The Dakotas are made for DALASing. You can tool along at slow speed, you can even come to a dead stop in the middle of the road, and nobody comes up behind you or, if they do, they stop to see if you have a problem. Nope, no problem, just looking at birds and enjoying this beautiful Dakota scenery. This is what we mean when we talk about "serenery".
And what do we see when we stop? White Pelicans and Black Terns and Great Egrets and Little Green Herons and ducks … lots and lots of ducks … and Franklin's Ground Squirrel, otherwise known as the Flickertail. We are here on the overlap between Eastern and Western species, so we are seeing Redwings and Grackles along with Yellow-Headed Blackbirds. But for today, it was the Pelicans that set our hearts aflutter. We found a dirt access road that went down to the edge of a kettle hole for a lunch stop. While eating we watched two groups of Pelicans take off and kettle around overhead. According to the bird books, they like to take off and soar around in the afternoon - for no apparent reason other than the pure joy of doing it. We shared their joy today. We also watched a skyful of Black Terns and Tree, Bank, Cliff & Barn Swallows all gorging on the latest hatch coming out of the lakes. It was not a good day to be a fledgling insect.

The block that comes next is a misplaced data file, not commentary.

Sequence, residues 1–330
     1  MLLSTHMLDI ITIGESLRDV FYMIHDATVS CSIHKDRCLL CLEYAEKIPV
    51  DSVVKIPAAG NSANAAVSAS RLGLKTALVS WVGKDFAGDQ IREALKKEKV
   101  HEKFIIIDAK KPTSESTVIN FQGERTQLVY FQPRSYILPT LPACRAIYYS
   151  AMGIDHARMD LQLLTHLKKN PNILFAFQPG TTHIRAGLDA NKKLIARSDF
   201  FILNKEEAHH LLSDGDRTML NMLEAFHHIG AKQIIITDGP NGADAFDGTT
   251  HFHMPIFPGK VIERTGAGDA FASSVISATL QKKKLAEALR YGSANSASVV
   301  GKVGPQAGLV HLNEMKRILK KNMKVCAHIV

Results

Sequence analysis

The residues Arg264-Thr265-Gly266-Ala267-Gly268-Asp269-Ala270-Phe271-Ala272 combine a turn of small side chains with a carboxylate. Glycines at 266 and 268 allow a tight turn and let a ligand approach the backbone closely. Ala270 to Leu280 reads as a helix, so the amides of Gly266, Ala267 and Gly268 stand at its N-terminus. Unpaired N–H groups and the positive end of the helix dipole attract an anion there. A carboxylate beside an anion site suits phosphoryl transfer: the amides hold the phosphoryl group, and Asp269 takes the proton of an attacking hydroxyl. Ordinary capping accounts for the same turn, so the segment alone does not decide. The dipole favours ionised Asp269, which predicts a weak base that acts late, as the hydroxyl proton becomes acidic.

Speaking of birds and insects, and we were, we stopped at another little kettle lake and as we were oogling the waterfowl, we noticed a Barn Swallow fluttering near RVan - so near it actually touched the windshield. It was windy, so at first I thought a gust of wind had forced it to hit the windshield, but it kept coming back and touching us like an Indian counting coup. Eventually, we realized that it was picking the roadkill bugs off RVan. Pretty neat - and a great view of a Barn Swallow up close and personal.